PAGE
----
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a machine that imprints on a piece of mail (letter, postcard, or mailing tube) a sign showing the charge for postage (replacing the stamp), a dated postmark, and a stamp that shows the name and address of the organization that sent the article. The amount of postage and the date of mailing are set on a dial mechanism of the stamping drum by a mail clerk; the serial number is set automatically.
Postage meters are used to keep track of mailing expenditures for noncash payments to the post office. Meters exist that subtract postage charges from an initial sum that is set on the metering mechanism, rather than totaling charges. When the metering mechanism reaches zero, the postage meter shuts off automatically. The productivity of manual postage meters is 1,000-2,000 items per hour; electrically driven meters handle up to 4,000 items per hour.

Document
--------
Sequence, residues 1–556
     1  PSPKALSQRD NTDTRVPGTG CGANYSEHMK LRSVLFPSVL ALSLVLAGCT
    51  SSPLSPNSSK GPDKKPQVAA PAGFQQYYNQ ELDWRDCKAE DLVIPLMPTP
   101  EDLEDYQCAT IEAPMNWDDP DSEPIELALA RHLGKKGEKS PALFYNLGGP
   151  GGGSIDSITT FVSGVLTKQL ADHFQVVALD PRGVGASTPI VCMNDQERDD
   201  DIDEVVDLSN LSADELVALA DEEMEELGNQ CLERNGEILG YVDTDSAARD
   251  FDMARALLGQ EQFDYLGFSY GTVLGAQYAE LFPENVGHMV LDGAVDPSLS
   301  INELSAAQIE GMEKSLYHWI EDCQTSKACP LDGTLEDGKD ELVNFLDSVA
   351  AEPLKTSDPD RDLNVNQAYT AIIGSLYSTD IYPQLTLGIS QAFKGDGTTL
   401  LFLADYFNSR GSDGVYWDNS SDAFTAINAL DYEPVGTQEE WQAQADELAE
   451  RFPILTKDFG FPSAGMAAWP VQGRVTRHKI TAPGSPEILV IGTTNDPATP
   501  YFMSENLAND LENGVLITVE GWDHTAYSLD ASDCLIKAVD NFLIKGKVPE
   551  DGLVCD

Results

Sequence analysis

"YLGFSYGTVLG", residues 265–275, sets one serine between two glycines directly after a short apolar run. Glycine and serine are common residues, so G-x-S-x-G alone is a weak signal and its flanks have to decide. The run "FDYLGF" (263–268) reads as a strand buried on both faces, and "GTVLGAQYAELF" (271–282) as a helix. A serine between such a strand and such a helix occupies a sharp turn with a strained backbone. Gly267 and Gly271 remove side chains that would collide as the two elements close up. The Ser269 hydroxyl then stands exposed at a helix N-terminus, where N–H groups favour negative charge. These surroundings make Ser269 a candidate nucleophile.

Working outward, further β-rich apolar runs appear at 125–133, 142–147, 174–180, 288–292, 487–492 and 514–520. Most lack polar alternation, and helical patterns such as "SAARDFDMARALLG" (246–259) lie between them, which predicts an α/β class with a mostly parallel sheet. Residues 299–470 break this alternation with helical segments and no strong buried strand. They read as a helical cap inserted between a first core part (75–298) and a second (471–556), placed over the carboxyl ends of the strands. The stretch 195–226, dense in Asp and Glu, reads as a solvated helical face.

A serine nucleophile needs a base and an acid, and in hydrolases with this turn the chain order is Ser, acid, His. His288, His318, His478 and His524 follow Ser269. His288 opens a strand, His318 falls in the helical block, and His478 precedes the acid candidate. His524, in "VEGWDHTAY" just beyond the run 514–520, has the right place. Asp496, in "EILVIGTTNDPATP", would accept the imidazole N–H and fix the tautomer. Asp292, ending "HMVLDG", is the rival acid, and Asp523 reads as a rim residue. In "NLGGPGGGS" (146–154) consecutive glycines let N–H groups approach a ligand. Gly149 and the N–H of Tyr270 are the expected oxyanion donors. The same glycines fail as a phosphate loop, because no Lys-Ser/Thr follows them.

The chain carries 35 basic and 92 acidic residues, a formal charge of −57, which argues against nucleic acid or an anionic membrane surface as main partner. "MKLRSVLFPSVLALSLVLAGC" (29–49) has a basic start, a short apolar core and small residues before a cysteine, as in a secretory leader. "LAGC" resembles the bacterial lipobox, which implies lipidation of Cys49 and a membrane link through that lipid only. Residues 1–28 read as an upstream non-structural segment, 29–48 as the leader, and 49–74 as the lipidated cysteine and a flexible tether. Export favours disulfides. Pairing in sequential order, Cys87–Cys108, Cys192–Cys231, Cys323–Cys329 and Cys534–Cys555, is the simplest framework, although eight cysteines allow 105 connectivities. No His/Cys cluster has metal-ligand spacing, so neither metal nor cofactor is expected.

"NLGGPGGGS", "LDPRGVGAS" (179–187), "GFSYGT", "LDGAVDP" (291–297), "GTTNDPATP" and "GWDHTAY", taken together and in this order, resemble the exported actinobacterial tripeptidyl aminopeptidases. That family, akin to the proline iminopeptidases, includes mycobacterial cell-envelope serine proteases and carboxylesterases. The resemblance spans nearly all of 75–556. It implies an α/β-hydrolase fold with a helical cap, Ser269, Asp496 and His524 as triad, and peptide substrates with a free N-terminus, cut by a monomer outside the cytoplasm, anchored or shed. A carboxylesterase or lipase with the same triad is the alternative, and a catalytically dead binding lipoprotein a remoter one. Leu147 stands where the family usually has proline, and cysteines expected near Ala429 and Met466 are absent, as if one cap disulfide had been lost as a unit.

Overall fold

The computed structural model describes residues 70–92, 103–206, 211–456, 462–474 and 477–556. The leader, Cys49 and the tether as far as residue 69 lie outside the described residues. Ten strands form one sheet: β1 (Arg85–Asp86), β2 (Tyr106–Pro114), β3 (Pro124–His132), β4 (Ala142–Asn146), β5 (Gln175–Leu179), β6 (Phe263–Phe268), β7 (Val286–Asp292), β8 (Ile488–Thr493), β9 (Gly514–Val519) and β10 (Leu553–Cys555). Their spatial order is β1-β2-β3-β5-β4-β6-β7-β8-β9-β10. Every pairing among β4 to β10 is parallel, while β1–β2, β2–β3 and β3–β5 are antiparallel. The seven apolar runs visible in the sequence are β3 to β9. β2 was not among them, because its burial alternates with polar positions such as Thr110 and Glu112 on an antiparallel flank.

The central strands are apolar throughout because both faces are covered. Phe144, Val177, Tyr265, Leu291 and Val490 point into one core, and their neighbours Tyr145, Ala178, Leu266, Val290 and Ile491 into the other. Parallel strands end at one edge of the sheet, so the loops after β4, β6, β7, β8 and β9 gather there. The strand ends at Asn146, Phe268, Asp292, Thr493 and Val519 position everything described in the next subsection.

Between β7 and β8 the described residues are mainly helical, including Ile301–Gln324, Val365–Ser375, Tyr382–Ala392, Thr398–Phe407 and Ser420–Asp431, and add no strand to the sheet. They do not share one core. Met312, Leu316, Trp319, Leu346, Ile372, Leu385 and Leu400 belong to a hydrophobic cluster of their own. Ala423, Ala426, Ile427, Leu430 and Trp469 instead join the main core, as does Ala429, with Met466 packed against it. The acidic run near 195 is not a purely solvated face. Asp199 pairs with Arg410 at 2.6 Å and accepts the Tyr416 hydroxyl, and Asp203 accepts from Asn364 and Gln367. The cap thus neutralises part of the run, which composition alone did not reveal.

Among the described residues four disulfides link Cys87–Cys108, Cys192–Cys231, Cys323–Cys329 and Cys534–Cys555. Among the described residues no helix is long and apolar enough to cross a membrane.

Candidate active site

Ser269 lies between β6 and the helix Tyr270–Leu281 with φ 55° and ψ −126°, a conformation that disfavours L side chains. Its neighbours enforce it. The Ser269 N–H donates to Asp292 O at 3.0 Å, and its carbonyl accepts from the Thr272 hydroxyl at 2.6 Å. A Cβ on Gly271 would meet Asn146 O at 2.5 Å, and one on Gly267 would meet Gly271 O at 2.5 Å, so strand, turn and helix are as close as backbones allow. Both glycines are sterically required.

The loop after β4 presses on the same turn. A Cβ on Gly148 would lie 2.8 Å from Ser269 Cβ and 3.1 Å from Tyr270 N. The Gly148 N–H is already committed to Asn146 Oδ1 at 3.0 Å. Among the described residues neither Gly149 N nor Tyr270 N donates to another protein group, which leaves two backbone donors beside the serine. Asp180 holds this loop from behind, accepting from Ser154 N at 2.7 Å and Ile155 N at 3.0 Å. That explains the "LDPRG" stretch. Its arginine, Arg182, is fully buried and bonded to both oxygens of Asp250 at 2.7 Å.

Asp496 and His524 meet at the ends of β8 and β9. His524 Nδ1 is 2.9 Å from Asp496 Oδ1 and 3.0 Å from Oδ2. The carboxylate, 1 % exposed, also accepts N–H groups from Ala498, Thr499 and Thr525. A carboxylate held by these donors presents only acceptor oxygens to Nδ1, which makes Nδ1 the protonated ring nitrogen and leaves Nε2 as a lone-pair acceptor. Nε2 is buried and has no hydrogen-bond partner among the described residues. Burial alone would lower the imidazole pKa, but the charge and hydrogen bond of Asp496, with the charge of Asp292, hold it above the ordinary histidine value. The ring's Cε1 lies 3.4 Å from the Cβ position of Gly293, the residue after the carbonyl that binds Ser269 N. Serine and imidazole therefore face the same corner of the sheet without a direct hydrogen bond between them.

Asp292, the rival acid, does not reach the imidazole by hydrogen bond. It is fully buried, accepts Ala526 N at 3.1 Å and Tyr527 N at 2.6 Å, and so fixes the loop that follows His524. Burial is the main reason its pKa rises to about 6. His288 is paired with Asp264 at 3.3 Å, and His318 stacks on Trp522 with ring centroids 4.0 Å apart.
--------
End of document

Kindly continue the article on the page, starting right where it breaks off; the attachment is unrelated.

a machine designed to imprint a dated postmark on written correspondence, such as letters and postcards, and to cancel the symbols of postage payment or to cancel regular postage stamps. The imprinted postmark contains the name of the communications enterprise and the date and time of cancellation; the stamp cancellation consists of three wavy lines.
A postage meter operates in the following manner. A packet of letters or postcards is sorted so that the addresses appear on the same side and the stamps are located in the same position in the upper right corner; the packet is then transferred from a storage unit to a separator. From the separator each letter is individually guided across conveyor rollers to the device that prints the postmark, whose single-cycle mechanism is set in motion by an arm engaged by the forward edge of the moving letter. The cancelled letters are ejected by a blade wheel into the next storage unit.
The most widely used postage meters in the USSR are the ShM–4A for large postal enterprises (designed for prolonged, continuous operation) and the ShMN–2 for regional postal cen ters and communications offices. The bestknown foreign postage meters are made by the American firm of Pitney-Bowes, Inc., the British company Universal Postal Frankers, and the French company SECAP. Postage meters can process from 12,000 to 45,000 letters per hour.
K. V. BOROZDIN